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The Central Authority (Hague Convention Video Tutorial)

James D. Garbolino, Peter J. Messitte, Henry Hand
April 7, 2016
Available Online Only

Judge James Garbolino explains the role of the Central Authority, an entity that each country that is a signatory to the 1980 Convention must designate to assist in the administration of the Convention. In the United States, the Central Authority is the U.S. State Department. Within the State Department, the Office of Children’s Issues is responsible for handling child abduction cases. The role of the Central Authority includes locating children, securing the voluntary return of the child if possible, and cooperating with counterpart authorities in other countries. The Central Authority typically informs courts of the filing of a petition for a child’s return, and it acts as a conduit for official inquiries by a U.S. or foreign court as to the status of foreign law. Henry Hand (director of the Office of Children's Issues) and Judge Peter Messitte (D. Md.) discuss the Central Authority's role in Hague cases.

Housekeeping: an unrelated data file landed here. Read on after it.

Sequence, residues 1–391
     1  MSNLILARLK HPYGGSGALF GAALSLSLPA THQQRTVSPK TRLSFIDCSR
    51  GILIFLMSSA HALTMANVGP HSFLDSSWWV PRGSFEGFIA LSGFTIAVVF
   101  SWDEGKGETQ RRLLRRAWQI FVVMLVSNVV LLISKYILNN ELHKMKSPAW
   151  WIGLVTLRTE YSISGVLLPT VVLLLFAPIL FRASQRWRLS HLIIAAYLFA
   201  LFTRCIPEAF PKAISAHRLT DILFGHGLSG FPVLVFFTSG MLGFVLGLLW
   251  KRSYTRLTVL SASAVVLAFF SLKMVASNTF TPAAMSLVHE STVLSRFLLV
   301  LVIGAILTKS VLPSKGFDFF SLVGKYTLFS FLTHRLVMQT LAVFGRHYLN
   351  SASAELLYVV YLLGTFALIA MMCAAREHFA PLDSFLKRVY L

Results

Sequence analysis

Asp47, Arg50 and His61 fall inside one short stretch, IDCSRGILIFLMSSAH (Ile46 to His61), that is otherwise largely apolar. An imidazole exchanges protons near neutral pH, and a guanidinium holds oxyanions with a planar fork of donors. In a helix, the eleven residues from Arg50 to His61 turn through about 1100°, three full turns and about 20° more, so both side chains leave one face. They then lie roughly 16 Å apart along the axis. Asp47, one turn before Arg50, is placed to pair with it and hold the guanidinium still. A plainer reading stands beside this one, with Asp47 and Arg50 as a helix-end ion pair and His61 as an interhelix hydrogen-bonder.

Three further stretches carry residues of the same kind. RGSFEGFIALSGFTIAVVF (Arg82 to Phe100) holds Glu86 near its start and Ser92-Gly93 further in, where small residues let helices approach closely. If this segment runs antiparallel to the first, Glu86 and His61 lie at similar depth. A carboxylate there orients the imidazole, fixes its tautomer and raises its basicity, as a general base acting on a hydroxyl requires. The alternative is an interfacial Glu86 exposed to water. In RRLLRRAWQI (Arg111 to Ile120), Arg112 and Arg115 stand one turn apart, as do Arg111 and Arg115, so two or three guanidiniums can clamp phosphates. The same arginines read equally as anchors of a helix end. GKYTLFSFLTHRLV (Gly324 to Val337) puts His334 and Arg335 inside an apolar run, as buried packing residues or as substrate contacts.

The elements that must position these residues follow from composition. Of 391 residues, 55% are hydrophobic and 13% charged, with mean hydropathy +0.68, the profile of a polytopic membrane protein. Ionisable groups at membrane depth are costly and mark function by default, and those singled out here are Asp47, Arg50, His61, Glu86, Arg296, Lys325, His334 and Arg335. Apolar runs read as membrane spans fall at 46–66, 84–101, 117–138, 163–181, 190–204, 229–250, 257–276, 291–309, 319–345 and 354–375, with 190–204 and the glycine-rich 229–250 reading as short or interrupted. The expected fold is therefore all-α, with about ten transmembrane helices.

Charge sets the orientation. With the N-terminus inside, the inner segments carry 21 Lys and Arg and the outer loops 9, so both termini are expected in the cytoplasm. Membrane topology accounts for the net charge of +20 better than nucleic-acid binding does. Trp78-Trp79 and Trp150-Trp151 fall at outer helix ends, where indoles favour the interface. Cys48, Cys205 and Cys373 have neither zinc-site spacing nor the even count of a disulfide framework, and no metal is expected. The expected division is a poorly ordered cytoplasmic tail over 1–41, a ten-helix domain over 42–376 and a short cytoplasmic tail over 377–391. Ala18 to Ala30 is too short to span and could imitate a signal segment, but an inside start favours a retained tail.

This is one of several 1980 Hague Convention on International Child Abduction video tutorials.

This video is part of The 1980 Hague Convention on International Child Abduction: A Resource for Judges, a Special Topic Webpage.​